If you are one of the tens of millions of small and mid-size businesses in America, you are at the greatest risk for a cyberattack.
Fairness aside, this is a reality and the statistics are sobering. Seventy-eight (78%) percent of U.S. organizations have been victims of attacks and that only represents those who have reported such incidents.
Anyone doing business has either experienced a cyberattack in the past or knows someone that has. Many billions of data records are stolen each year, with ransomware payments also reaching into billions of dollars. In the healthcare industry alone, the number of data breaches rose 71% between 2019 and 2020.
In short, cyberwarfare has become a widespread corporate epidemic that is capable of bringing a company to its knees. The good news is that business owners can defend themselves with a shield of impenetrable protection.
Reasons for the rapid increase in successful cyber attacks
One might suggest that it simply has to do with more “bad guys” lurking in cyberspace and while this may be true, the actual reason for the increase in cyberattacks and the effectiveness of the sabotage is that business owners aren’t doing much to prevent it. In football terms, they just aren’t playing defense.
It makes sense that business owners are more concerned with operating their companies, doing all the things that generate revenues, keep people employed and paying the bills, than they are spending time thinking about data breaches.
Fighting back against cyber terrorism just doesn’t fit into their busy agenda. It also may not fit into their budget.
Making matters worse are the ever-increasing compliance regulations that are not only daunting, but are also constantly changing. As one recent cybersecurity report pointed out, it would be near impossible for the average business owner to understand all of the regulations and laws that affect them.
Meanwhile the hackers are working full-time – afterall it is their job – and their techniques and the types of attacks are becoming more and more sophisticated. They range from simple Phishing and password attacks to more devious efforts such as man-in-the-middle (MitM) tactics, which is a common form of altering communication through snooping. The list of attacks goes on and on.
Another reason most businesses are falling behind in complying with security best practices and protecting themselves from cyber warfare is their sole reliance on their IT departments. Well-meaning as their technology officers may be, in most cases they don’t have the knowledge or training necessary to protect their organizations from attacks. It is important to note that regulatory “compliance” is far different than up-to-date, tested “protection.”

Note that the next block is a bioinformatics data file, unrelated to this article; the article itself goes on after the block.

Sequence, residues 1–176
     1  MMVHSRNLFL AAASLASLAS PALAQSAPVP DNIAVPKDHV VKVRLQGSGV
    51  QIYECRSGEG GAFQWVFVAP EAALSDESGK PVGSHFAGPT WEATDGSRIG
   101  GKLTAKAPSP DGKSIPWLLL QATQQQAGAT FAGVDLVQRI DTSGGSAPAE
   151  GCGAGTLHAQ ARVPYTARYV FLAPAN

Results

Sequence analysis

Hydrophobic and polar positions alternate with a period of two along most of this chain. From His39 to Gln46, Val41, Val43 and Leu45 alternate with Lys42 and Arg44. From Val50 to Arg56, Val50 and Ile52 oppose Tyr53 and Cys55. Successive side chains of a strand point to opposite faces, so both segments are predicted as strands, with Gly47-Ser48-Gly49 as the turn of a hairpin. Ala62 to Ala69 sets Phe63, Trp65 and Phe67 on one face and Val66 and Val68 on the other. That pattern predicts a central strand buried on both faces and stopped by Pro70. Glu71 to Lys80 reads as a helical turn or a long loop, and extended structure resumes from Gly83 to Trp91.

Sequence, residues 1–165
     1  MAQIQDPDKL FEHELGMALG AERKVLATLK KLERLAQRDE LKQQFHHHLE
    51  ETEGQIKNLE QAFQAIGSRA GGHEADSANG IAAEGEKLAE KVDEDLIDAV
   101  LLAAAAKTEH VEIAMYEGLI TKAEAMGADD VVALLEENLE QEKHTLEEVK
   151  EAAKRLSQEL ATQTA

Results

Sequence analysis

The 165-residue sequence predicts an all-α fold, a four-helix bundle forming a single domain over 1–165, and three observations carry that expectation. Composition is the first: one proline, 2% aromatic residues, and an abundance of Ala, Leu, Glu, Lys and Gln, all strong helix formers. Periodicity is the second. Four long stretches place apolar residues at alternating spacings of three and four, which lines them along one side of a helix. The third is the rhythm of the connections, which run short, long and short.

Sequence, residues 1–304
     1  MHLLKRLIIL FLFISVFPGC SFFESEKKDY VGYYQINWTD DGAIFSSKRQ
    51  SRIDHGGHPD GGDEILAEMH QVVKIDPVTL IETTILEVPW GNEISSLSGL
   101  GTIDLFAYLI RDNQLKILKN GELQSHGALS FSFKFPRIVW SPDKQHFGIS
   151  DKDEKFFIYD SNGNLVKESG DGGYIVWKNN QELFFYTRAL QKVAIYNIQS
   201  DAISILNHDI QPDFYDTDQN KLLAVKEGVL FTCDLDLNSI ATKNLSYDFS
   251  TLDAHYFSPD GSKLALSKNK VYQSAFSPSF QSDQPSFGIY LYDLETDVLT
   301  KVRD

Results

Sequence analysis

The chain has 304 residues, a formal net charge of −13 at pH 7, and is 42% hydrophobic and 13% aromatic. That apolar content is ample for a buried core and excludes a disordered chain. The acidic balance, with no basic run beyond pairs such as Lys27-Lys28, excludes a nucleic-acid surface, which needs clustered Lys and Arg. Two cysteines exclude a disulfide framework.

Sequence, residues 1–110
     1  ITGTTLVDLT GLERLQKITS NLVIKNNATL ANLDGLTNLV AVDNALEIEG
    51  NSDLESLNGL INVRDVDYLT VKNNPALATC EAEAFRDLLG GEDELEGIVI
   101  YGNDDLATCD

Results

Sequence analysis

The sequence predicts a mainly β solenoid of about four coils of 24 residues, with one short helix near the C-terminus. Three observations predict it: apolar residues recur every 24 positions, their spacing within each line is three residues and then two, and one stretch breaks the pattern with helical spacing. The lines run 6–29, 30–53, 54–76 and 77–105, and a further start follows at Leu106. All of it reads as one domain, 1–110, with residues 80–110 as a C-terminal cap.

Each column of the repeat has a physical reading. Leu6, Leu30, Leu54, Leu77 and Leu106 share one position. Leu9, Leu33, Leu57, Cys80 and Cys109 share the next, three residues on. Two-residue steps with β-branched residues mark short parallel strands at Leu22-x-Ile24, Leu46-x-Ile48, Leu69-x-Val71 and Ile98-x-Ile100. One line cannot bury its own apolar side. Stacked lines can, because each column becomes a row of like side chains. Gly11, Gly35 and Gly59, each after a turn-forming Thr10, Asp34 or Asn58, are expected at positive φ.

As many cybersecurity consultants agree, complying and understanding data protection and disclosure laws is only the beginning in combating cybercrime and sustaining an organization’s competitive edge.
Therefore, cybersecurity needs to be seen by CEOs as a key strategic effort of the entire company, rather than just a tactical effort by a few. Too often it’s just the responsibility of their security officer (assuming they even have one) rather than establishing a cybersecurity culture through ongoing communication, education and training of their employees.
This is not unlike what has happened in successfully dealing with other workplace issues. That is why human resource departments are forever educating their employees on issues that if left unchecked, could erode the integrity and cohesiveness of a company’s culture.
Though less public-facing and sensational, wholesale data breaches can be even more damaging to an enterprise with penalties ranging from stiff fines to something even more painful: the death of a business.
Yet this needn’t be the risk.
Pretty Fluid Technologies has a team of seasoned professionals that work in tandem with your IT department to meet and exceed compliance standards and protect your company with one-stop security solutions without disrupting business forecasts and profitability.